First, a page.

Tuesday, September 04, 2007

Investigating scientific misconduct: Divya Gandhi on the Kundu case

MSM takes a closer look at curious case of Gopal Kundu, with Divya Gandhi's column in The Hindu examining several different issues surrounding this case. Her column uses this case to explore some other questions as well, but I want to stick to the Kundu case here.

Here's the key point:

In an unusually public mark of dissent, the generally discreet Indian scientific community has voiced its concern over what could be the latest case of science gone astray. [...]

The unprecedented attention this case has received, however, has to do with more than the alleged malpractice. The disquiet in science circles comes instead from what is seen as the failure of institutional mechanisms in dealing rigorously and impartially with such cases — and also from the frustration at the absence of a central authority to bring closure to the growing incidence of misconduct. [bold emphasis added]

Given Rahul's analysis of the available evidence (using online documents at the Society for Scientific Values -- SSV), we are led to a pretty inescapable conclusion: identical figures -- in seven sets! -- have been passed off as arising from different experiments. Thus, there has been some closure in the minds of people who have taken a look Rahul's analysis.

However, it is also true that this case has not seen an 'official' closure. And that's because of two conflicting conclusions: one from an official body and the other from an 'almost official' body (the journal that published Kundu's papers). Specifically,

  • The official committee, headed by Prof. G. Padmanaban, an ex-Director of IISc, exonerated Gopal Kundu and his coworkers of any wrongdoing. This happened in August 2006.
  • However, in February 2007, the Journal of Biological Chemistry (JBC) withdrew one of Kundu's papers. On being queried by SSV (and also a Science reporter), the journal has admitted that the withdrawal of the paper followed the adverse conclusions of its own committee that went into the allegations against Kundu. More damaging was its admission that it was aware of the Padmanaban Committee's exoneration of Kundu.

JBC's withdrawal of the paper is clearly a slap in the face of the official investigative team, and it is this slap that's keeping this case alive (even though it has also been the subject of some sharp criticism in a Current Science editorial). Unless the Padmanaban Committee -- or NCCS, Kundu's employer, or the Department of Biotechnology, NCCS's official boss that the Padmanaban Committee also reports to -- gets the paper reinstated, the needle of suspicion will keep pointing at Kundu (and indirectly, at the investigative team as well).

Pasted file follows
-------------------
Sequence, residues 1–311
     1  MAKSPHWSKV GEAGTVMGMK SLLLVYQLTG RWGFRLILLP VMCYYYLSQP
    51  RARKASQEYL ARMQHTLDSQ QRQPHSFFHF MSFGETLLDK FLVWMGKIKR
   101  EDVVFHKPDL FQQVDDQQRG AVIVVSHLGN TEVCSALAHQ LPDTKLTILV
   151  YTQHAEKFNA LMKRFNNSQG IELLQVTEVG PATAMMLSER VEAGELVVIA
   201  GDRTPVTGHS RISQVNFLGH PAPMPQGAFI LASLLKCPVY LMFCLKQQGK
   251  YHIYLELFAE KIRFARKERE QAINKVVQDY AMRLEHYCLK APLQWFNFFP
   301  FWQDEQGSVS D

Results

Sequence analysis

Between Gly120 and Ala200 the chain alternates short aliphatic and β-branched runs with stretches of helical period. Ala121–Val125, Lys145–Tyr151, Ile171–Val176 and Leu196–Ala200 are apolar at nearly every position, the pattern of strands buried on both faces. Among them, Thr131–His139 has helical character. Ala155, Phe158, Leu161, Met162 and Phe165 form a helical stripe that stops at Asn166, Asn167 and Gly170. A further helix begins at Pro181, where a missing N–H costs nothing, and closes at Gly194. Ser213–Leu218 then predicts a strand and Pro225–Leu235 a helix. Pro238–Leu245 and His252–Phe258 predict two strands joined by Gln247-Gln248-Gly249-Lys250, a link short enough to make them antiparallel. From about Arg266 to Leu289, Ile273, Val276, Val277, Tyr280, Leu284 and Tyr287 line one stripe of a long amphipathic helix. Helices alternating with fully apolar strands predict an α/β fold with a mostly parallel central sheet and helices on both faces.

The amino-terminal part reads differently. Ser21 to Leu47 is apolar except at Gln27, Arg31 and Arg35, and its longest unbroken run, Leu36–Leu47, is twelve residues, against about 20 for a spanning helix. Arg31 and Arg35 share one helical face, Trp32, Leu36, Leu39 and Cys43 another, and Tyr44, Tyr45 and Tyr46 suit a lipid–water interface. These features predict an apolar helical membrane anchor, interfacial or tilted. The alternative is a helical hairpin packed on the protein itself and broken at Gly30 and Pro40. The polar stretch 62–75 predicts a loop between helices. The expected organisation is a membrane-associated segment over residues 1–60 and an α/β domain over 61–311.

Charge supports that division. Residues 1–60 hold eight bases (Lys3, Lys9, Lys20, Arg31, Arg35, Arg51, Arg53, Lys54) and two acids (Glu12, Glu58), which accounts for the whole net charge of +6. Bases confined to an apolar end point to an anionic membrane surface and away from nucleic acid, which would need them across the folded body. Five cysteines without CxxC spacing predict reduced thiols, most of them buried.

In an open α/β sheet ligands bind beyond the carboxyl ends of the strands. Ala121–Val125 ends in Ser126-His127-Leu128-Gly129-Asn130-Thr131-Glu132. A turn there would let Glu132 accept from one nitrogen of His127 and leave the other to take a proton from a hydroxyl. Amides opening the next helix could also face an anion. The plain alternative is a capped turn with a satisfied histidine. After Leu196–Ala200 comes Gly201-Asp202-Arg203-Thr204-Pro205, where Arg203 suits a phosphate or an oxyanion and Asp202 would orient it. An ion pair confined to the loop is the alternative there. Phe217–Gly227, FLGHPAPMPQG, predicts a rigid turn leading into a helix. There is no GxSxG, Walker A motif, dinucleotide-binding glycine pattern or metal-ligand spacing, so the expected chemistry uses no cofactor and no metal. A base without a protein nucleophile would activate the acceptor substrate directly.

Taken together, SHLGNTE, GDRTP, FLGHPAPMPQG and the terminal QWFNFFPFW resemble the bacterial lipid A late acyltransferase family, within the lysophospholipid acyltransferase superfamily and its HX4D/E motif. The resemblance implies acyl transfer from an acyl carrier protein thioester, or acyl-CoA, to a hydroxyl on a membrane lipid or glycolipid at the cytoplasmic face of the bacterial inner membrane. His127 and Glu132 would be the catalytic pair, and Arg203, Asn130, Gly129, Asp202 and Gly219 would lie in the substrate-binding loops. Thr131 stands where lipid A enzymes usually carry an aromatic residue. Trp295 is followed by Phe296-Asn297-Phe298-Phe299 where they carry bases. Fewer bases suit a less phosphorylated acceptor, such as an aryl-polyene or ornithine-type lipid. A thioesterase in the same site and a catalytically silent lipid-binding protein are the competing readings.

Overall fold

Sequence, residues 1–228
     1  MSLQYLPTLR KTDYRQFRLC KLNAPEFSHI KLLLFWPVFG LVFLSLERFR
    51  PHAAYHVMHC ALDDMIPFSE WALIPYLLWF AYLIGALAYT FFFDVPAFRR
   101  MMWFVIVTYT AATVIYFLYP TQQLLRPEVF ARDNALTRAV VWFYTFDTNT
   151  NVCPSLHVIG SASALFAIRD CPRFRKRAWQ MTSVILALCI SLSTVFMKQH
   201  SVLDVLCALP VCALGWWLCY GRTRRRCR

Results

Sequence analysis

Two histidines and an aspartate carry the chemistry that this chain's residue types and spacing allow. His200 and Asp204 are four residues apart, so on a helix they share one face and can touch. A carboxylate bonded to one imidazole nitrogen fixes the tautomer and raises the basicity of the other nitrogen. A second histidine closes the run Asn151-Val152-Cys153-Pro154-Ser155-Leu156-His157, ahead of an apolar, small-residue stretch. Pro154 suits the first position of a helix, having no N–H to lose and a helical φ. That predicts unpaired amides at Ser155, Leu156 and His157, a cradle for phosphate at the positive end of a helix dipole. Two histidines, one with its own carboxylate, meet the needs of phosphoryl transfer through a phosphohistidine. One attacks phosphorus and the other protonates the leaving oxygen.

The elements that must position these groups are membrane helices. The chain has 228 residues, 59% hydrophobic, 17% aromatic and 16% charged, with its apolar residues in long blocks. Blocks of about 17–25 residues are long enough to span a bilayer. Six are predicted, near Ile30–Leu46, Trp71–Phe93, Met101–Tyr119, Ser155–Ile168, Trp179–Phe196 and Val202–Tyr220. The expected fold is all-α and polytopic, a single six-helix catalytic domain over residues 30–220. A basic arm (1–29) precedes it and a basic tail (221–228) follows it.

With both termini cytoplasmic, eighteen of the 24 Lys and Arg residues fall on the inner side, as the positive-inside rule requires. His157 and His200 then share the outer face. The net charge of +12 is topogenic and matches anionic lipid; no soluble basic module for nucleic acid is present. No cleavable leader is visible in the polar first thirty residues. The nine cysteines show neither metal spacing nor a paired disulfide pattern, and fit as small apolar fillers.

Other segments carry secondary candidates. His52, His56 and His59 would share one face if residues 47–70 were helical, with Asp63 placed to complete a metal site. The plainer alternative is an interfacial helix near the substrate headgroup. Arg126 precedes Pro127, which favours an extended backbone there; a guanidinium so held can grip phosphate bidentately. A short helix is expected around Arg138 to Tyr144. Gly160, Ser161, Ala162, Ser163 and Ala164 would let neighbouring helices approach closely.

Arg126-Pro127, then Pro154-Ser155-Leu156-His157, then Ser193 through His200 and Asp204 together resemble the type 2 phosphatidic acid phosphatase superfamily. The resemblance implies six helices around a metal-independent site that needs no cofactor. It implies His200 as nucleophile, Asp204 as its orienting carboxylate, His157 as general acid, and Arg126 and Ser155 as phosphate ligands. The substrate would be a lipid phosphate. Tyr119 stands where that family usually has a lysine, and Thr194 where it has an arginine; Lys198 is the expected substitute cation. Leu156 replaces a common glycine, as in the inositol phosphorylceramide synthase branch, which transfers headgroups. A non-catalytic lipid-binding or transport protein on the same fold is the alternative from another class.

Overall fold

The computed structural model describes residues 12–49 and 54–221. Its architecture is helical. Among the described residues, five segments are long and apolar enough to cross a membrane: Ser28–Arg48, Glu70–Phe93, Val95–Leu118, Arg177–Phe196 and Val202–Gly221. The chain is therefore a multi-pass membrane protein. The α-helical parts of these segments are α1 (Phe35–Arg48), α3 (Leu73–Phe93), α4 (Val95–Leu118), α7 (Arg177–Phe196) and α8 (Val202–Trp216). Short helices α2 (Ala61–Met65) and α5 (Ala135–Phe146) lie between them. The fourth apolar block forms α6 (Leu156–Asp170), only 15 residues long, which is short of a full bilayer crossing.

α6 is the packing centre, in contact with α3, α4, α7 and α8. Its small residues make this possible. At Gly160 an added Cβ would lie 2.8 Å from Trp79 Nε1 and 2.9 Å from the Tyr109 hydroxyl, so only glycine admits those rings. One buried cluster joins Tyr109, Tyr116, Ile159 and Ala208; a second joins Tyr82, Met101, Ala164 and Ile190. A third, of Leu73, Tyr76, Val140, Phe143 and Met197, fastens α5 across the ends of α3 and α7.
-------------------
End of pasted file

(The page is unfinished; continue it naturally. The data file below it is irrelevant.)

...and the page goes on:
Gandhi does a good job of highlighting the disconnect between the Padmanaban Committee's findings and what many others (including JBC) believe:

... Baffled by this verdict [of the Padmanaban Committee] and anxious for a resolution, many scientists have felt compelled to examine the papers for themselves. The two sets of photo-strips of the little protein bands have since been scrutinised keenly — as many as seven times — formally and voluntarily, by committees, individuals, and institutions, and have been discussed in the public domain.

The spotlight has shifted decisively from the authors of the contested paper ... to the Padmanabhan committee. Formed to bring an authoritative closure to the case, the committee has instead been embarrassingly contradicted by the JBC, which withdrew the paper, and finds itself increasingly isolated within the Indian scientific community, with its motives and investigation methodology brought under the scanner.

Here, then, is the current status of the Kundu case:

And so the NCCS saga continues. The Department of Biotechnology recently called for another report from the Padmanabhan committee, a vindication of sorts for SSV’s position. But the committee’s new report of 120 pages upholds its previous findings. The DBT will hand this one over to a set of three scientists for yet another review. The verdict of this eighth (and, with some luck, final) inquiry will signal more than the fate of this specific case. [bold emphasis added]

Clearly, there's something deeply wrong if a simple question -- Are two figures (bearing different labels) identical? -- needs an eighth inquiry (and more than a year) for a closure.

* * *

One final note. Gandhi quotes Satyajit Mayor (of the National Centre for Biological Science, Bangalore):

... [Others] in the scientific community are concerned that such cases could dent India’s credibility in the international sphere. Satyajit Mayor, a biologist at the National Centre for Biological Sciences, observes: “We need laws to protect the country from what happened to Korean science after the stem cell debacle. Now nothing they say is taken seriously, even though important research is being done.”

This quote (and it is possible that Mayor is being misquoted or quoted out of context) gives one the impression that Korean science was let down by their laws (or lack thereof). This impression cannot be more wrong. In the Korean case, when the allegations (which were doing the rounds in mailing lists and online forums for quite a while before they) finally broke through to the news media, the official investigation did its job impeccably well. And its conclusions and credibility have not been questioned! Acting on the conclusions of that inquiry, the papers with fabricated data were promptly withdrawn by the university. If at all any lesson needs to be learnt from the Korean episode, it is on how to act swiftly, impartially, dispassionately, and fairly.